The sense of community is strong here. Although it’s a smaller school, there’s something for everyone. There’s a lot to do on campus: parties in the quad, movie nights, speakers, clubs that sponsor events (often with food!). A regular email gets sent to students called the “Cryer” which lists the upcoming events including deadlines for grants, internships, summer opportunities, and other similar things. Tables get set up across campus to provide information about everything from clubs to special events to offices (such as Religious Life) on campus. It’s easy to get off campus since the college runs shuttles. Wi-fi is everywhere so students can work outside. Tables and chairs are everywhere, and students were all over on campus utilizing them. They even had tables with umbrellas for shade near the large outdoor stadium. I image those are highly sought-after on game days! Their entire athletic complex is impressive. Davidson is a DI school which surprised me since they’re so small.

One of the dorms.

One of the dorms.

Davidson 4Their freshman dorms are traditional style with bathrooms down the hall, but each room has its own sink. People work hard to create a feeling of community within the dorms, both formally and informally. Our tour guide said that during orientation week, one of the activities was a cake race. Everyone in the hall brought back the cakes they won and had a social. After the first year, students can choose from a variety of dorm styles, including suites. There are also other types of living halls, including “Sub (substance) Free” halls in which residents pledge not to bring in alcohol or come back drunk. New sophomore dorms have kitchens on each floor which other students can use, even if they don’t live there. Most students live on campus, but there are apartments right across the street from campus in which about 100 students are granted permission to live through an application process. All students are allowed cars on campus allowed; parking costs $50 for unlimited parking or $25 for the lots far away. Cars aren’t necessary, though, since campus is in town and things are accessible. The college will run shuttles to the Lake Campus daily and to the Charlotte airport before and after breaks for $30. Lots of students will bring bikes on campus, especially those living in the upperclassman dorms located on the outskirts of campus.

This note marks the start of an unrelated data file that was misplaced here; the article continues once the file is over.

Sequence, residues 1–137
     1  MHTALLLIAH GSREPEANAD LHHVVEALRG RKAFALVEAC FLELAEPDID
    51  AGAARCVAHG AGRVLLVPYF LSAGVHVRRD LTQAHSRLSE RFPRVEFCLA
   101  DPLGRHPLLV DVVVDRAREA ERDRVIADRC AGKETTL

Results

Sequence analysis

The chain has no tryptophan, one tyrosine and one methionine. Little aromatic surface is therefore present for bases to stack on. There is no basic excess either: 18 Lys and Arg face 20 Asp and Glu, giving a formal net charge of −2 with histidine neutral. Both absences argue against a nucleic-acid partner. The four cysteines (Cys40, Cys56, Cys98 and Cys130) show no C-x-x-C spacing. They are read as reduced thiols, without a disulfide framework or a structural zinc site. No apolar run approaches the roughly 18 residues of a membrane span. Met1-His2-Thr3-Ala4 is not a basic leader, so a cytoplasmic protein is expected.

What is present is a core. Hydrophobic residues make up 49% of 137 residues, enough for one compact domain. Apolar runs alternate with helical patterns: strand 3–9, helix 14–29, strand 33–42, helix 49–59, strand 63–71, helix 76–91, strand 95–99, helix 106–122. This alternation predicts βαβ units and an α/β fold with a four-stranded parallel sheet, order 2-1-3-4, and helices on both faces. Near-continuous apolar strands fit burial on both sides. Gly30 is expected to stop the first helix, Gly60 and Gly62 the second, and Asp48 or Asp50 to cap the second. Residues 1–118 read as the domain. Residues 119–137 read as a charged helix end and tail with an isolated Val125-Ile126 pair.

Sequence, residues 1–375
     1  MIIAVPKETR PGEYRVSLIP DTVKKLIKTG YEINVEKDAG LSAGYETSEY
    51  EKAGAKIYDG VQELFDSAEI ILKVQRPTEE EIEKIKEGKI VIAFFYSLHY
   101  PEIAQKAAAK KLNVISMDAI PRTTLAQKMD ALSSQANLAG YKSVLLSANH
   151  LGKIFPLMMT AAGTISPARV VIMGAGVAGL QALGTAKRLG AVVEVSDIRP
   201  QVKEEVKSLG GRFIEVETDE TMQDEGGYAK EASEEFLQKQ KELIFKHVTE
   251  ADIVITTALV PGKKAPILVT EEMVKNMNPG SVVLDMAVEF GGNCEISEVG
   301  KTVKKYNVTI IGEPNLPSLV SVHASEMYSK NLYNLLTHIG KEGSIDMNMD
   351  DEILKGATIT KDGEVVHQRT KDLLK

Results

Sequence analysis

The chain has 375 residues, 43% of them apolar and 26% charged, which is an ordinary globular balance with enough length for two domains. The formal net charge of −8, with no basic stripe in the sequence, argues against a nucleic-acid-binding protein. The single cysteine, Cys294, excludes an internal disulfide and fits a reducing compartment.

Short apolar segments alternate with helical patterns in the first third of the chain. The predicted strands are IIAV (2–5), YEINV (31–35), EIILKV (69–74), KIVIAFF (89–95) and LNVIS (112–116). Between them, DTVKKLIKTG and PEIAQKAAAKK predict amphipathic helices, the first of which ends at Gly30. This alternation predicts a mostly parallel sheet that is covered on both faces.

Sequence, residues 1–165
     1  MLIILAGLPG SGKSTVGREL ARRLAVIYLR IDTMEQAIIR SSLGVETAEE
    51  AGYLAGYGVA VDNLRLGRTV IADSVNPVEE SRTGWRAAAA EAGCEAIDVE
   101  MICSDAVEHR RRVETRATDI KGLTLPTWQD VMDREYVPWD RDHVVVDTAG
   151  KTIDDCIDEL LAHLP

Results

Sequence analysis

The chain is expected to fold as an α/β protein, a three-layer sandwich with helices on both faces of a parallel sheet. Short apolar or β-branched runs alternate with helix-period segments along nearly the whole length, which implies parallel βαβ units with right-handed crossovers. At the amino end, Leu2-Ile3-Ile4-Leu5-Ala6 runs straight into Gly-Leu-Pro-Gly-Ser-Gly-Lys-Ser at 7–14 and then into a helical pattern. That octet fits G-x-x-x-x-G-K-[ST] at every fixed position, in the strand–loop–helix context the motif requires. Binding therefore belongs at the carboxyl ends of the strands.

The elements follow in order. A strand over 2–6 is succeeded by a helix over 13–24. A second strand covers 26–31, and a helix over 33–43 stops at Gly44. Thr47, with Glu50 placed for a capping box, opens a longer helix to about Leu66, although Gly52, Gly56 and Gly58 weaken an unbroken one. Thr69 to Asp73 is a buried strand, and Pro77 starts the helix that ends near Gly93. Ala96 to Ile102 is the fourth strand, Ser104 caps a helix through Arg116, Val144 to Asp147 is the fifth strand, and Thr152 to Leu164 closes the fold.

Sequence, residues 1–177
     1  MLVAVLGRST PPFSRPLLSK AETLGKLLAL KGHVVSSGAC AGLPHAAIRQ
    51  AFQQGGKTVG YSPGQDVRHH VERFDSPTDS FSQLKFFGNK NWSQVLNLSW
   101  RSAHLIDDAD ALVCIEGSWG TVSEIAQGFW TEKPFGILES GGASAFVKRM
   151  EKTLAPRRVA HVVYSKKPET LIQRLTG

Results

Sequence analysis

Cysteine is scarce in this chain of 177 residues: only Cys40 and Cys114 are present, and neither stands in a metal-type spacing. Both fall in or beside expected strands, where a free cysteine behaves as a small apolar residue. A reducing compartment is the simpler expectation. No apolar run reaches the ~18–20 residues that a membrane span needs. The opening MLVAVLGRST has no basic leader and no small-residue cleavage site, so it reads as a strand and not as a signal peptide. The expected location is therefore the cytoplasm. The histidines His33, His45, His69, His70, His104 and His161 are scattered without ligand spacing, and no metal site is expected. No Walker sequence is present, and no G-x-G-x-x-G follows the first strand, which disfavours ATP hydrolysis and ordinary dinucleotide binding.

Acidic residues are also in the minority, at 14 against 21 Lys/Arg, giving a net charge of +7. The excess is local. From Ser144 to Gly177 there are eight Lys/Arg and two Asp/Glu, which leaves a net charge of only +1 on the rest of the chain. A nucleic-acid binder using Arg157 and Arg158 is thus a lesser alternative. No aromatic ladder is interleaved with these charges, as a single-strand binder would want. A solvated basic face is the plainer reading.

Davidson acad bldgDavidson artsClasses are kept small here; even as a freshman, our tour guide’s largest class (a music class) had 23 students in it; her smallest (Chinese) had 8. Even though this is a small campus, students are not limited to the academics which they can take. The Charlotte area has a consortium of colleges (including UNC-C, Queens, and Belmont) at which students can cross-register with the approval from the Registrar. This is easy to do if the class isn’t offered at Davidson, but harder for more popular subjects like History. Additionally, students can do independent studies for some languages that are less common and aren’t offered – although Davidson does offer a lot, including Chinese and Italian. Students do have a language requirement in which they have to successfully complete three semesters (through 201) of a language, but they can place out if they come in with enough competency. Other requirements include a class in Cultural Diversity, Religion and Philosophy, Social Science, Math, Science with Lab, and English. All freshmen take a Writing Comp class that has some sort of theme (Memory, Gender, Music and Literature, Revisiting the Library – about history and archives), and they’re taught from professors from all disciplines (history, religion, anthro, etc).

(c) 2013

Mount Holyoke College

Mount Holyoke College(Visited 10/16/12)

Nice building

One of the main old buildings on campus.

~MHC quadThis is a very different type of campus from Smith. Picture a typical, older, “typical New England” campus with a lot of grand old brick buildings, lots of green areas, and big trees. That’s Holyoke. The town is also a cute, small New England town with a little town square, although I sensed that we saw most of it driving in. I asked the tour guide what she liked to do in town, and after telling us how much there was to do on campus, she admitted that she rarely spent time in South Hadley, although “there are a couple places to go eat on the Square.” She said she’ll go to Northampton if she’s looking for a town or to the other campuses for things to do.